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by Barbara Cleverly
Carroll & Graf, September 2002
288 pages
ISBN: 0786710594

Buy in the UK | Buy in Canada

The Raj. The years when a thin line of British soldiers and civil servants controlled the entire subcontinent of India. The British lived a life of privilege and ease with servants to deal with every problem. The women, in particular, with no jobs to go to, spent days in amusements of various kinds and very possibly in boredom. This thin layer of Anglos rarely saw the Indians as anything other than servants or adorable sometimes naughty children except when something like the Indian Mutiny occurred and then, of course, they were terrified of them. The constant refrain was that the British were only acting as caretakers for people unable to govern themselves and certainly in fifty years they would be gone, leaving the Indians independent. The problem was that it was always fifty years away.

This is the setting of the mystery, The Last Kashmiri Rose. A young woman, Nancy Drummond, niece of the Governor and wife of the Panikhat Collector, has noticed something very frightening. One of the regiments stationed in Panikhat is the Bengal Greys. In 1910 the wife of one of the officers was killed in a terrible fire. Each year after that, in March, one of the wives died by a terrible accident. World War stopped the deaths but in 1922 Nancy¹s good friend Peggy Somersham has died, according to the local police by her own hand. But Nancy refuses to believe it and her uncle the Governor asks Commander Joseph Sandilands of the Metropolitan Police who has been seconded to the Bengal police for six months to go up to Panikhat and use his modern methods to discover what has been happening.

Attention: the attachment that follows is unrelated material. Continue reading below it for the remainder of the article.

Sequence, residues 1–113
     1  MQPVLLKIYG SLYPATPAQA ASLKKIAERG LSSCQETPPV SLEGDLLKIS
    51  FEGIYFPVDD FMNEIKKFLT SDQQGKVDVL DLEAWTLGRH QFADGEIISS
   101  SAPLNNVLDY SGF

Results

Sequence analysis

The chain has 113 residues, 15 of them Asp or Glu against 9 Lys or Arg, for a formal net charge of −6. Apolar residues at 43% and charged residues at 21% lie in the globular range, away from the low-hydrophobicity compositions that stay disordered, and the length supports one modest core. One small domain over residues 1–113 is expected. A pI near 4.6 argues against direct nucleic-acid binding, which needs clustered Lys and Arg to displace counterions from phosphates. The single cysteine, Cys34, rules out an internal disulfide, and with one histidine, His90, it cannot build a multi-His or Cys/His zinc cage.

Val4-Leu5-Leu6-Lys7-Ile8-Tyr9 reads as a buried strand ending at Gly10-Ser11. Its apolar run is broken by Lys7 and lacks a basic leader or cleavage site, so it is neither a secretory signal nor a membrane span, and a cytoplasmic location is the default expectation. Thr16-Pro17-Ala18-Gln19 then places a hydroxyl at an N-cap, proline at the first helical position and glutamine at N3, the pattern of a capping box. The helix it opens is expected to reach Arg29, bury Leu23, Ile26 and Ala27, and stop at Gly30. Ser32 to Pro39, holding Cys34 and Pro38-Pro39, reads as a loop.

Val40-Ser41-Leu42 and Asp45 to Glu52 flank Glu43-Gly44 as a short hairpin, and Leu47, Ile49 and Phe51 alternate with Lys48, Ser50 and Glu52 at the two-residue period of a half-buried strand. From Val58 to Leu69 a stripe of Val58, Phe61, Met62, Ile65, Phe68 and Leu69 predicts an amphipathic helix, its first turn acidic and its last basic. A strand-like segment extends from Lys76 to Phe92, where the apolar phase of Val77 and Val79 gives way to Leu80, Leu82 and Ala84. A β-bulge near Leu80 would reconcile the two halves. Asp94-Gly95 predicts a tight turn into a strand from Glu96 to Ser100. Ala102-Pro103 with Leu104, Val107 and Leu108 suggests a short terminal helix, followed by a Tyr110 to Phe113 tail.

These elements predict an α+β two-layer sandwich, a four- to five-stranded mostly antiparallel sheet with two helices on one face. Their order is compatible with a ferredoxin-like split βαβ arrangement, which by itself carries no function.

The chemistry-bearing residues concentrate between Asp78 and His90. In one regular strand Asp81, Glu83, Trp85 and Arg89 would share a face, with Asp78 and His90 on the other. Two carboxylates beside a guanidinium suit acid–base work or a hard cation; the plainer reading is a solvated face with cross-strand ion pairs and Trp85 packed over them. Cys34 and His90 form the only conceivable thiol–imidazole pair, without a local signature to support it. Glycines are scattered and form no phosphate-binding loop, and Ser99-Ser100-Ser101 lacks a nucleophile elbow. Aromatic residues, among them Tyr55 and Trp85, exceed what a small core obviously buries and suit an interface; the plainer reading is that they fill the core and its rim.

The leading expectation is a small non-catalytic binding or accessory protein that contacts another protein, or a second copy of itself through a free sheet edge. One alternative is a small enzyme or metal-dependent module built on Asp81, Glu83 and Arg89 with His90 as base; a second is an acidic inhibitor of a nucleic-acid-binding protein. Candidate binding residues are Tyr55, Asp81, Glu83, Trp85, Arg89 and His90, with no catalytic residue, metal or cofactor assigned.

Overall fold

Joe with Nancy¹s enthusiastic help and the much more professional aid of an Indian policeman, Naurung Singh, interviews the husbands of the dead women, others who remember the time before the war, and noses around the sites of the deaths. They discover some troubling and alarming facts that lead to a solution to the deaths.

The plot is intriguing and the methods by which Joe does his detecting are fascinating. The story carries the reader along and involves her in the events of the investigation. I felt the ending was a little bit obvious, but then along came another twist that I had never expected. In every way this book kept my attention.

The picture of English life in the subcontinent in 1922 is very well drawn. The reader gets an excellent image of how protected, how delightful, and, had they known, how precarious that life actually was. Joseph Sandilands, as an outsider, sees this world much more clearly than its inhabitants. When Nancy tells him what people are doing to help the poor Indian tenant farmers, Joe remembers that the British originally took the land from the native farmers and gave it to landlords or zamidars in order to get their loyalty. He sees a little farther than the officers and their wives the dangers inherent in the British rule. He notices how the British, since the Mutiny, have played off Muslim against Hindu, creating a split where there was none and which might lead to disastrous results.

The characters tend to be rather two-dimensional, although Nancy is a delightful young woman and in an intriguing relationship with her husband, and Joe, very attracted to Nancy, is also fleshed out considerably more.

This was an intriguing book in large part because if the setting and time. The mystery was intriguing and while the solution may not have been too surprising, the events surrounding it were. I recommend this book.

Reviewed by Sally A. Fellows, September 2003

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Contact: Yvonne Klein (ymk@reviewingtheevidence.com)

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